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Do renters need insurance?
August 16, 2011
Contents insurance is something most renters don’t put too high on their list of priorities.
In the grand scheme of expenses, many feel it’s a cost they can do without, believing the likelihood something bad will happen is slim.
According to the Insurance Bureau of Canada, about half of all renters don’t have insurance, especially young people. They also fail to appreciate the full value of their clothing and personal belongings.
But there are other factors to consider, such as a tenant’s legal liability.
For example, you could be liable if your toaster oven causes a fire and it affects other units, or if you accidentally leave a tap on in the bathroom and the water causes damage.
The building owner could charge you for the cost of the damages, but they would be covered under your contents insurance policy. Without insurance, it would come out of your pocket.
But can a landlord make renting a unit conditional on having contents insurance?
Francis is a Toronto tenant who was looking to sublet her apartment. Her landlord met with the people interested in subletting and insisted they would be required to have contents insurance.
Francis and her roommate were never asked about contents insurance and she has never owned any in the 10 years she’s been renting. Although she understands she won’t be covered in the event of a fire or theft, she doesn’t think her furniture and possessions are worth the expense of insuring — especially since the odds of anything happening seem quite low.
Barrie-based paralegal Former advertiser says contents insurance isn’t required under Ontario’s Residential Tenancies Act. However, landlords do have the right to insist on seeing proof of insurance prior to accepting a tenant or a sublet.
“Landlords who wait until after giving possession can try to evict based on no insurance, however there are inconsistent decisions on the matter,” says Stewart.
In the 2005 case of Stanbar v. Joseph Rooke, the Ontario Superior Court of Justice upheld that tenant insurance coverage, if required in the lease, is enforceable and can be grounds for eviction.
The decision states, “The Act is silent about whether or not a landlord has the right to demand that tenants maintain insurance, or that they provide proof of coverage to their landlords. However, if the parties agree to it, it, too, becomes a contractual issue….”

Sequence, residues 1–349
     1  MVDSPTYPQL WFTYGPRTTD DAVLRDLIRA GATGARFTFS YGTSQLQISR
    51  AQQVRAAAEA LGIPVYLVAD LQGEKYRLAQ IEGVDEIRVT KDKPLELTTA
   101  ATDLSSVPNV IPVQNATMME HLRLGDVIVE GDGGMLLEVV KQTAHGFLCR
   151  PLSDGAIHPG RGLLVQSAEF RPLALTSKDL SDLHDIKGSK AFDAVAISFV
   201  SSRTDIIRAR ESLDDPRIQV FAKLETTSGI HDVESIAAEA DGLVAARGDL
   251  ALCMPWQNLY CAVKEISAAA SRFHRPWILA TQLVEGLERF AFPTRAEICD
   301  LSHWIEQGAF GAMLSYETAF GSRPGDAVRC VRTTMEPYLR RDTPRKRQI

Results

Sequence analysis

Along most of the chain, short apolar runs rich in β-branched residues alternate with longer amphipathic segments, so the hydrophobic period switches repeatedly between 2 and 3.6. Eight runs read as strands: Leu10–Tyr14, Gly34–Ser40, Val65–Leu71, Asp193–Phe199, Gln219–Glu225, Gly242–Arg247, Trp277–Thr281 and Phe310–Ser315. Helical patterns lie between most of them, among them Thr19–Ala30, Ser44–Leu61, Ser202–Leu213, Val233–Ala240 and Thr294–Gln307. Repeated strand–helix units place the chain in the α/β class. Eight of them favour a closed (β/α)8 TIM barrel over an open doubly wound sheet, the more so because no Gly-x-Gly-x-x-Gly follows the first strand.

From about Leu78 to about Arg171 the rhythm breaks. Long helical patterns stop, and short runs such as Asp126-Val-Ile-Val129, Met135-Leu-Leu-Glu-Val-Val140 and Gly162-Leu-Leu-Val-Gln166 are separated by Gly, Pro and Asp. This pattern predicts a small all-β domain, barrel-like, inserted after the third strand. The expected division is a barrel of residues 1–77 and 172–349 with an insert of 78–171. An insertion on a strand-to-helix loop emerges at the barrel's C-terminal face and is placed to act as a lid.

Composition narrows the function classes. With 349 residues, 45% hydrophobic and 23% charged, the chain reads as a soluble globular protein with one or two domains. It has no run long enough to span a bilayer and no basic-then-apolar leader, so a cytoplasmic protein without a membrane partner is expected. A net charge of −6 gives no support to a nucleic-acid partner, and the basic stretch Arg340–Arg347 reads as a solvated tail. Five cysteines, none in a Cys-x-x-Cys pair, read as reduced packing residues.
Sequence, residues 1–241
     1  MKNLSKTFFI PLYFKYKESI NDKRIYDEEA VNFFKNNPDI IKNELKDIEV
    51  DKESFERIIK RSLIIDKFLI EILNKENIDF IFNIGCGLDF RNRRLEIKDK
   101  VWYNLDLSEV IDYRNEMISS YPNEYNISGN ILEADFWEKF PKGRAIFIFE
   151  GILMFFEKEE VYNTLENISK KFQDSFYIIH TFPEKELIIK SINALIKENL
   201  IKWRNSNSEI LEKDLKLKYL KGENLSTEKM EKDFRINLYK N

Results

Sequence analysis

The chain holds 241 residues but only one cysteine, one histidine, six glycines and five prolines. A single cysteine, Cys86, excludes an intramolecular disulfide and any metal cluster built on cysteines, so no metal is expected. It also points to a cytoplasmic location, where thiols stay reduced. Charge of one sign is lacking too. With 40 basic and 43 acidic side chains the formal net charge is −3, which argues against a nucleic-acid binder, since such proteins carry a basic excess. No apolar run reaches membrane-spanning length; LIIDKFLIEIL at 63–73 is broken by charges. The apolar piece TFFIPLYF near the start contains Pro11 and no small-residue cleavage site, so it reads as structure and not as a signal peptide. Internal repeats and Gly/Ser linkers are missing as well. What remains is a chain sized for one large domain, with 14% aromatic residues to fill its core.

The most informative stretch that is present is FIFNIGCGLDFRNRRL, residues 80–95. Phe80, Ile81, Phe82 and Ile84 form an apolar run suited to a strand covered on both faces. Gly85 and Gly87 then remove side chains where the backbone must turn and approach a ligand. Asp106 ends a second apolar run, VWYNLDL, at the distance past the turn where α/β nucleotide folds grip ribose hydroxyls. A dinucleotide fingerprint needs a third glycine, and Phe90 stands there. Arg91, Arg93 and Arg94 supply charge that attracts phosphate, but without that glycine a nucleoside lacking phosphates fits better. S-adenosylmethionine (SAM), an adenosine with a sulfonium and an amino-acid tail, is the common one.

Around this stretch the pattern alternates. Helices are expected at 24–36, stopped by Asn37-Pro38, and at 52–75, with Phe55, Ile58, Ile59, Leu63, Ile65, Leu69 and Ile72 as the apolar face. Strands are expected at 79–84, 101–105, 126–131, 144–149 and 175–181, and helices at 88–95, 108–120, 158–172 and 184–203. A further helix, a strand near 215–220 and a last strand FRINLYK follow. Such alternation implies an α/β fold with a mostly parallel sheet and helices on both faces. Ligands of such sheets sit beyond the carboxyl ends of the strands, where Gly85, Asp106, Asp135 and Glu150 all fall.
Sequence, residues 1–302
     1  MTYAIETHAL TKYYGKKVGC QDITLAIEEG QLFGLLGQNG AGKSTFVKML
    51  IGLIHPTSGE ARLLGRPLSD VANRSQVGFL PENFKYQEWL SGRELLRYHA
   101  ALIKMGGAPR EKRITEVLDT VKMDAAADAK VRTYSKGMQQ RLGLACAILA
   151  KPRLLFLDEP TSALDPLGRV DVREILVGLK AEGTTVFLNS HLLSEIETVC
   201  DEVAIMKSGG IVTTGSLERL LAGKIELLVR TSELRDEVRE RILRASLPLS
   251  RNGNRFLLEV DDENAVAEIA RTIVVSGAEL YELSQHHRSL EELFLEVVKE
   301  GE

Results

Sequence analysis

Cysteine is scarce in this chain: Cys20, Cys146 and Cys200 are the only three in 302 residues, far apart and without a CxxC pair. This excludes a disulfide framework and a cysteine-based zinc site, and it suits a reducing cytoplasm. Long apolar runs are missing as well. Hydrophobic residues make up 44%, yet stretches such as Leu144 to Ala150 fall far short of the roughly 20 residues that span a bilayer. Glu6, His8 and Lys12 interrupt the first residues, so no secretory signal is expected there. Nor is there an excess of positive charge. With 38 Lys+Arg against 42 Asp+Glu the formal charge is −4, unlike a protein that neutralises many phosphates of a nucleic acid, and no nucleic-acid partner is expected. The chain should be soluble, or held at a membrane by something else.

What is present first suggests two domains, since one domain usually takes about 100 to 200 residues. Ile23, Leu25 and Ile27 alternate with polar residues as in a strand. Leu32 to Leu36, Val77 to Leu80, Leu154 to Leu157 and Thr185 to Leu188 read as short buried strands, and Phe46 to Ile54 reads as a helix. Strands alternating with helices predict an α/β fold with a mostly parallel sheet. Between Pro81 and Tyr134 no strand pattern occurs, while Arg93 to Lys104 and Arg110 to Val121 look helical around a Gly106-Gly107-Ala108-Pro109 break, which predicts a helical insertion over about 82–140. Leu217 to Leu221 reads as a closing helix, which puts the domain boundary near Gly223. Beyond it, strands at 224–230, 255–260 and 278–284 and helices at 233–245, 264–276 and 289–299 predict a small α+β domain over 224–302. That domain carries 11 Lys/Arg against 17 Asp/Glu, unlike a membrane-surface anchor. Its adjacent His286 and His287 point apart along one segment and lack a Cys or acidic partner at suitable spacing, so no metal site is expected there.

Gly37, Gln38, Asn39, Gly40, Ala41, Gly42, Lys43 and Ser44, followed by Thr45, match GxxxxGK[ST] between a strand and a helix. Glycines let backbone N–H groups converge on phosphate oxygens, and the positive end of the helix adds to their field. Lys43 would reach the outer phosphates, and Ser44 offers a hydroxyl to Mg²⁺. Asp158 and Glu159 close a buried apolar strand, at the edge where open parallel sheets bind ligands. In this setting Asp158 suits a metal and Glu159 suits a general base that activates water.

Based on her own experiences, Stewart says tenants can be evicted, depending on who the adjudicator is, as there is little consistency in decisions.
Stuart Henderson of the Ontario Landlord Association says landlords try to educate tenants about the benefits of contents insurance.
He insists it’s a good investment at a low cost. Premiums are typically based on the value of the contents, and can range from $100 to $500 per year. Luxury items like jewellery can cost more to insure.
Stewart knows the value of having contents insurance. She recently experienced a break-in at her own rented Barrie home and lost $10,000 worth of possessions.
“They didn’t damage anything and, in that regard, we were relieved. My daughter lost all of her jewellery though — not overly expensive, but sentimental value, which upset her a lot.”
The single mom adds her daughters still feel quite vulnerable. “I’m not comfortable leaving them home alone now, even though they are old enough. Clearly, someone snoops around and I don’t want anything else to happen.”
“Tenants may wish to look at it another way: insurance is a small investment that provides real protection. I can attest to that. I’m a tenant, I have insurance, and was very happy about that several weeks ago when I came home to find my home burglarized,” says Stewart.
Contents insurance also provides for additional living expenses – up to 20 per cent of their contents amount if there was a fire and they had to leave the building.
Renters should also consider estimating replacement value of goods, especially furniture and electronics, not what they think is the value of their aging recliner and sofa.
To determine the value of contents, the Insurance Bureau of Canada suggests making a list which can include writing everything down, but faster ways include using a camera or video recorder, or using a digital or tape recorder. It’s also a good idea to keep receipts, warranties and instruction manuals for things like televisions and computers in case you need to make a claim down the road — they serve as proof of ownership and value. Store these items in a safe deposit at a bank, at another location or in fireproof box.
For more information:
http://www.yourhome.ca/homes/realestate ... -insurance
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Did she have content insurance?tag-photos wrote:April, I am sorry to hear about your break in.
I know after my parents house was broken into my mother had very similar feelings as you. Enough so that the entire door frame was reinforced and a stronger deadbolt added to the door.
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